From acting, to singing, there’s simply nothing that Doris Day hasn’t done. But you probably didn’t know that she’s still alive and kicking at 95 and making the world a better place as an animal welfare activist.
Doris Day has acted alongside the best of them, like Rock Hudson, and to this day, she’s everyone’s favorite actress. These days, she’s taking on a more active role as an animal activist thanks to a foundation she started that is making the world a better place.
Doris Day hasn’t been active in Hollywood since 1973, when she said goodbye to the city of lights and moved to the beautiful city of Carmel. Since then, she’s been pursuing another passion of hers.
According to Bob Bashara, Day’s manager and friend, she always had a thing for animals. In fact, she used to rescue them even when she was living a lavish lifestyle in Beverly Hills.
Dubbed “the dog catcher,” Day rode her bike looking for strays to help out. Whenever she couldn’t find a home for them, she’d take them to her place, give them some food and clean them up.
Day made it big in the 1948 film “Romance on the High Seas,” which opened the door to other opportunities. But she’s best known for her hit song “Que Sera: Whatever Will Be Will Be” in 1956.
After the loss of her third husband, Martin Melcher in 1968, Day devoted herself to helping animals full time. Surely, there are plenty of animals who owe their lives to America’s sweetheart!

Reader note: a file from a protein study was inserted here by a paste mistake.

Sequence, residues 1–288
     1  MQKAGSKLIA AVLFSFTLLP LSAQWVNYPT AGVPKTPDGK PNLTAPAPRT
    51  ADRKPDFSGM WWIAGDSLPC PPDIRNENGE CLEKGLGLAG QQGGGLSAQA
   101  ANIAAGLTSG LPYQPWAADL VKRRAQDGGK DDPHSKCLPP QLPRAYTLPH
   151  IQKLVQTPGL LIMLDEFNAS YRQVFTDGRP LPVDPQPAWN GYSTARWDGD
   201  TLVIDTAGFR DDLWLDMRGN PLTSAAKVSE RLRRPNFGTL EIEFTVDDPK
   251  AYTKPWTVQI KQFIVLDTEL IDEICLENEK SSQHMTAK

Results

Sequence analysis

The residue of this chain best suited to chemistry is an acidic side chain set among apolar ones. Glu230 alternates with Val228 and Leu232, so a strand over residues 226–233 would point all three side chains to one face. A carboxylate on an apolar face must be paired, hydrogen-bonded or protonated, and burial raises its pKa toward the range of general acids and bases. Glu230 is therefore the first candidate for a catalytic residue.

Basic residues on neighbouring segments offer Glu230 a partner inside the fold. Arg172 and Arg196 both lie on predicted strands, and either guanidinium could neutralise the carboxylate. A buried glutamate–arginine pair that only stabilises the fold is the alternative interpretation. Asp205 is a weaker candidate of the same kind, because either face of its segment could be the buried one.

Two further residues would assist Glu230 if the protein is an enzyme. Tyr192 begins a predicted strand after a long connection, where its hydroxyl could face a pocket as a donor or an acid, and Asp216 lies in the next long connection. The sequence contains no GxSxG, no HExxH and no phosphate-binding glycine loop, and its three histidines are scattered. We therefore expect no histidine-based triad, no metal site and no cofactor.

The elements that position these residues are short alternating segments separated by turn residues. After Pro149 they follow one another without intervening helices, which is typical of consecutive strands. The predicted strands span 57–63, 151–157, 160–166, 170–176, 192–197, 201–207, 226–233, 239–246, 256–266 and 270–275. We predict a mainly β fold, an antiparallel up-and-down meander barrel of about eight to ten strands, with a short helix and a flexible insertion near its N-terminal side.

Day’s love for animals started at 14, after a train struck a car she was in. As she convalesced for almost two years, her dog Tiny became her ultimate companion, which might explain why she’s so keen on animal activism.
Tiny passed away when it ran into the street. This may have been what convinced Day that it’s vital for people to take better care of their pets, keep them on leashes, and be responsible for taking care of another life.
In 1956, Day almost blew her chances to work in the Hitchcock film “The Man Who Knew Too Much” in Morocco. So, she gave Hitchcock an ultimatum in which she refused to continue filming unless the animals were cared for better.
After retiring from Hollywood, she bought a place in Carmel Valley, California, where her last film, “Julie” was made. Then she gave the home a serious makeover so that she could also tend to animals in need.
By 1978, Day stayed busy with the Doris Day Animal Foundation, and later the Doris Day Animal League to help animals. But to this day, if a cat or dog were to stray into her property, she’d most likely take it in and look after it with love.